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Unformatted text preview: Solutions to Homework 6 Section 5.1 12. We use the sum rule, adding the number of bit strings of each length up to 6. If we include the empty string, then we get 2 + 2 1 + 2 2 + 2 3 + 2 4 + 2 5 + 2 6 = 2 7 1 = 127 . 24. (a) There are 10 ways to choose the first digit, 9 ways to choose the second, and so on; therefore the answer is 10 · 9 · 8 · 7 = 5040 . (b) There are 10 ways to choose each of the first three digits and 5 ways to choose the last; therefore the answer is 10 3 · 5 = 5000 . (c) There are 4 ways to choose the position that is to be different from 9, and 9 ways to choose the digit to go there. Therefore there are 4 · 9 = 36 such strings. 34. There are 2 n such functions, since there is a choice of 2 function values for each element of the domain. 52. We draw the tree, with its root at the top. We show a branch for each of the possibilities 0 and 1, for each bit in order, except that we do not allow three consecutive 0’s. Since there are 13 leaves, the answer is 13. Section 5.2 4. We assume that the woman does not replace the balls after drawing them. (a) There are two colors: these are the pigeonholes. We want to know the least number of pigeons needed to insure that at least one of the pigeonholes contains three pigeons. By the generalized pigeonhole principle, the answer is 5. 1 Figure 1: Section5.1 Exercise 52. (b) She needs to select 13 balls in order to insure at least three blue ones. If she does so, then at most 10 of them are red, so at least three are blue. 18. (a) If not, then there would be 4 or fewer male students and 4 or fewer female students, so there would be 4 + 4 = 8 or fewer students in all, contradicting the assumption that there are 9 students in the class. (b) If not, then there would be 2 or fewer male students and 6 or fewer female students, so there would be 2 + 6 = 8 or fewer students in all, contradicting the assumption that there are 9 students in the class. 22. This follows immediately from Theorem 3, with n = 10 . 40. Look at the pigeonholes { 1000 , 1001 } , { 1002 , 1003 } , . . . , { 1098 , 1099 } . There are clearly 50 sets in this list. By the pigeonhole principle, if we have 51 numbers in the range from 1000 to 1099 inclusive, then at least two of them must come from the same set. These are the desired two consecutive house numbers....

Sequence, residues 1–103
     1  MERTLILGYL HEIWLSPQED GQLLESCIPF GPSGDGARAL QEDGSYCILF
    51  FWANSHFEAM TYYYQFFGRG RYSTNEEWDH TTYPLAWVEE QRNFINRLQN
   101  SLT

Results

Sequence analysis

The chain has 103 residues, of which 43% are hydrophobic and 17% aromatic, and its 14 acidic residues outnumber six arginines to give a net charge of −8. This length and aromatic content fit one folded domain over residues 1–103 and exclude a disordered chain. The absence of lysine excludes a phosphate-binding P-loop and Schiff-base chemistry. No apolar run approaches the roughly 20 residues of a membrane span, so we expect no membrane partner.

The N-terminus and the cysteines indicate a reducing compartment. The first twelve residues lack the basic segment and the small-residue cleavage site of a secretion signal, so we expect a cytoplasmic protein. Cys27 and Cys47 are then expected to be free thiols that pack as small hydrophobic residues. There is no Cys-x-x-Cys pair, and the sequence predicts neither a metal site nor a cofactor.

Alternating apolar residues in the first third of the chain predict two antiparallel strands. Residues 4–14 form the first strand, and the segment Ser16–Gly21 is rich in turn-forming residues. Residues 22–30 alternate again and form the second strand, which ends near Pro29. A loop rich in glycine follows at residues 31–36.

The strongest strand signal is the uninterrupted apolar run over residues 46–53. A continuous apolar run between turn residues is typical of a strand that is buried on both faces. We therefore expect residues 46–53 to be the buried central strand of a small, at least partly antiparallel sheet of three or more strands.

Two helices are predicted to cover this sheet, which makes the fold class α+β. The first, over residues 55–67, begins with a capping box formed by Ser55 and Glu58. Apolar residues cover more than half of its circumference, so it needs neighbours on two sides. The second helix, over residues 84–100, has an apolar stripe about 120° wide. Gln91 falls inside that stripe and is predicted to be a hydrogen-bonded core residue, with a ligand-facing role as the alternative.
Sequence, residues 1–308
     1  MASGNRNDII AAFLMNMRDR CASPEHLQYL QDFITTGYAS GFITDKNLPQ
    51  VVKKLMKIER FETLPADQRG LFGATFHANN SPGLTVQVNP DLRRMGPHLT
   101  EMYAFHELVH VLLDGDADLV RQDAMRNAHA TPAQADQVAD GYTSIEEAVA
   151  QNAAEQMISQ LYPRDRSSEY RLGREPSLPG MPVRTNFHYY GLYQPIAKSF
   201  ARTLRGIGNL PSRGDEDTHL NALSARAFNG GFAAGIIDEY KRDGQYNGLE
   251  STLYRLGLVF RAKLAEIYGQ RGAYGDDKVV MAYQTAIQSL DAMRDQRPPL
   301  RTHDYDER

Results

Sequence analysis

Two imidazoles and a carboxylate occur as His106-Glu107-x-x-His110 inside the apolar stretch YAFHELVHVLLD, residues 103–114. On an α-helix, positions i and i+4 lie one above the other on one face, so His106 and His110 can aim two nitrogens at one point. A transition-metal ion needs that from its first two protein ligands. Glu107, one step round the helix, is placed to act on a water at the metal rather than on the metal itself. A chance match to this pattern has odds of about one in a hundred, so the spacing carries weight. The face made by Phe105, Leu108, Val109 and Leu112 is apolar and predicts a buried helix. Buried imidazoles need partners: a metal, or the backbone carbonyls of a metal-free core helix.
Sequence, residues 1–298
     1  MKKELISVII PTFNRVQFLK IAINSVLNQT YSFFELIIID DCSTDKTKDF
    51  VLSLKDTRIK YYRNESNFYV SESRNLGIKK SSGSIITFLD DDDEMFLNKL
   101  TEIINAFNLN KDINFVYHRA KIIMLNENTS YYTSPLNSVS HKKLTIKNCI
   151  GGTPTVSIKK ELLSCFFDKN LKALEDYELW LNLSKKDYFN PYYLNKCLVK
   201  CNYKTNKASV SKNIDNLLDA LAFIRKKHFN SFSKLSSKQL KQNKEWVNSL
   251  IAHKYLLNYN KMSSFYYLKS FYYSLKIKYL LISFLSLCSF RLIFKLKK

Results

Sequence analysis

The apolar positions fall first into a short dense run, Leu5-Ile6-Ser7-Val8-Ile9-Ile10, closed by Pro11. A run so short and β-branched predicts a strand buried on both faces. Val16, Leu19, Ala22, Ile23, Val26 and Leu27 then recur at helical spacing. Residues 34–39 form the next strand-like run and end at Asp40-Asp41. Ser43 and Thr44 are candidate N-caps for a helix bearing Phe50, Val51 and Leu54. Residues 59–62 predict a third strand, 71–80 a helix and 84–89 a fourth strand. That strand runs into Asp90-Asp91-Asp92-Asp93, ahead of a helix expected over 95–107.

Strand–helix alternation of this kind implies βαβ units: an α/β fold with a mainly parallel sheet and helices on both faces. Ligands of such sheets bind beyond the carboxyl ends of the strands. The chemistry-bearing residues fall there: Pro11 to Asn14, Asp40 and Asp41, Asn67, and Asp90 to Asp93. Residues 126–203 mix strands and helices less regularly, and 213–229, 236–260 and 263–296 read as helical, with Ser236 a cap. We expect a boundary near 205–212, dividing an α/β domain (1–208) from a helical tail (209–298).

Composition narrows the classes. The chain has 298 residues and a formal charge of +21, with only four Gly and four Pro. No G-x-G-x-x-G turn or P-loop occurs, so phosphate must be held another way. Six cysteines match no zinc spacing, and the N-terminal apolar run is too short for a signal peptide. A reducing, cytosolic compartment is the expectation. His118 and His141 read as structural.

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This note was uploaded on 06/07/2011 for the course COT 3100 taught by Professor Staff during the Summer '08 term at University of Florida.
 Summer '08
 Staff

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